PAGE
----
Fire Behaviour – The manner in which fuel ignites, flame develops, and fire spreads and exhibits other related phenomena as determined by the interaction of fuels, weather, and topography.

Fire Behaviour Officer – A specialist position under the plans function of a fire overhead team (assigned to a campaign fire) responsible for making predictions of probable fire behaviour based on an analysis of the current and forecasted state of the fire environment.

Fire Bombing – An air attack operation involving the use of aircraft to drop suppressants or retardants to suppress or retard the spread of forest fire.

Fire Detection – A system for or the act of discovering, locating, and reporting wildfires.

Fire Ecology – The study of the relationships between fire, the physical environment, and living organisms.

Fire Edge – Any part of a boundary of a going fire at any given moment.

Fire Environment – The surrounding conditions, influences, and modifying forces of topography, fuel, and fire weather that determines fire behaviour.

Fireguard – A strategically planned barrier, either manually or mechanically constructed, intended to stop or retard the rate of spread of a fire, and from which suppression action is carried out to control a fire.

Fire Incidence – The average number of fires started in a designated area during a specified time.

Fire Interval - The average number of years between the occurrences of fires at a given point.

Fireline – That portion of a fire upon which resources are deployed and are actively engaged in suppression action. Any cleared strip used to control a fire.

Fire Perimeter – The entire outer edge boundary of a fire, usually expressed in metres or kilometres.

Fire Prevention – Activities directed at reducing fire occurrence; includes public education, law enforcement, personal contact, and reduction of fire hazards and risks.

Fire Pump – An engine driven pump, usually gasoline powered, specifically designed for use in fire suppression.

Fire Retardant – A substance that by chemical or physical action reduces flammability of combustibles.

Fire Scouting - Reconnaissance of a fire and its surroundings by any means to obtain fire intelligence information.

Fire Season – The period(s) of the year during which fires are likely to start, spread, and do damage to values-at-risk sufficient to warrant organized fire suppression; a period of the year set out and commonly referred to in fire prevention legislation.

Fire Storm – A large continuous area of intense burning characterized by violent fire-induced convection resulting in gale-force in draft surface winds near and beyond the fire perimeter, a towering convection column, and the occurrence of large fire whirls.

Fire Suppression – All activities concerned with controlling and extinguishing a fire following its detection.

Fire Triangle – An instructional aid in which the sides of an equilateral triangle represent the three factors necessary for combustion and flame production (i.e. oxygen, heat fuel). When any one of these factors is removed, flame production is not possible or ceases.

Flame Angle – The angle formed between the flame at the fire front and the ground surface, expressed in degrees.

Flame Height – The average maximum vertical extension of flames at the fire front; occasional flashes that rise above the ground level of flame are not considered.

Flame Length - The length of flames measured along their axis at the fire front; the distance between the flame height tip and the midpoint of the flame depth at the ground surface. Flame length is an approximate indicator of frontal fire intensity. Recommended SI unit is metres(m).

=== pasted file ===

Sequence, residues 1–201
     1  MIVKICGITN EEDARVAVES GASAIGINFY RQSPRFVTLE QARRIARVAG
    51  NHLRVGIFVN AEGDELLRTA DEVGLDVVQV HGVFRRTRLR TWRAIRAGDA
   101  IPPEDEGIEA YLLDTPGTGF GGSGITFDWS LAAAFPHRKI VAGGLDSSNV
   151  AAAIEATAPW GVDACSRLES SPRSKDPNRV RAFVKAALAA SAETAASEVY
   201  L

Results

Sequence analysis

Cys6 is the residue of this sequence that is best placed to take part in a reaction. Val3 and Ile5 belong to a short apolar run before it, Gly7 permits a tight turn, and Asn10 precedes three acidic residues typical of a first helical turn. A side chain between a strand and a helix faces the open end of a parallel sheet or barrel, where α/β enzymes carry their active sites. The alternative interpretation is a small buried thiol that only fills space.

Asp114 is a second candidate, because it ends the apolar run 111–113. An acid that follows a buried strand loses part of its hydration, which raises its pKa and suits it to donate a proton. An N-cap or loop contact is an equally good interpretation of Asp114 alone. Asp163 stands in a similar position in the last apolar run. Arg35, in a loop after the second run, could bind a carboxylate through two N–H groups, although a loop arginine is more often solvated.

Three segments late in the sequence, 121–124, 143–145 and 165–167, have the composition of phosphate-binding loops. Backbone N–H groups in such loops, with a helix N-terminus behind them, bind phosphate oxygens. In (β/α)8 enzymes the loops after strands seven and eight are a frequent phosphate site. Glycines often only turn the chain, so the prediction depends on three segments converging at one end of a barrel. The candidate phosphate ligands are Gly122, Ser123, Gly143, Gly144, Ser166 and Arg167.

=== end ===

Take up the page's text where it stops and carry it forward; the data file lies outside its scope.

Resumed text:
Flank – Sides of a fire extending from the head to the back.

Forest Fire – Any wildfire or prescribed fire that is burning in forested areas, grass, or alpine/tundra vegetation.

Forest Floor – The organic surface component of the soil supporting forest vegetation; the combined duff (if present) and litter layers.

Forest Protection – That branch of forestry concerned with the prevention and control of damage to forests from fire, insects, disease, and other harmful agents.

Frontal Fire Intensity – The rate of heat energy release per unit time per unit length of fire front. Flame size is its main visual manifestation. Frontal fire intensity is a major determinant of certain fire effects and difficulty of control.

Fuel Arrangement – A general term referring to the horizontal and vertical distribution of all combustible materials within a particular fuel type.

Fuel Moisture Content – The amount of water present in fuel generally expressed as a percentage of the substance’s weight when thoroughly dried at 100 degrees Celsius.

Green Up – The appropriate time during the first half of the fire season in which hardwood trees and/or understory vegetation (e.g. grasses, herbs, shrubs) have more or less completed their flushing of new growth.

Ground Fuels – All combustible materials below the litter layer of the forest floor that normally support smouldering or glowing combustion associated with ground fires.

Head – That portion of the fire perimeter having the greatest rate of spread and frontal fire intensity which is generally on the downwind and/or slope part of the fire.

Heat Transfer – The process by which heat is imparted from one body or object to another. In forest fires, heat energy is transmitted from burning to unburned fuels by:

  • Convection – Transfer of heat by the movement of masses of hot air; the natural direction is upwards in the absence of any appreciable wind speed and/or slope.
  • Radiation – Transfer of heat in straight lines from warm surfaces to cooler surroundings.
  • Conduction – Transfer of heat through solid matter.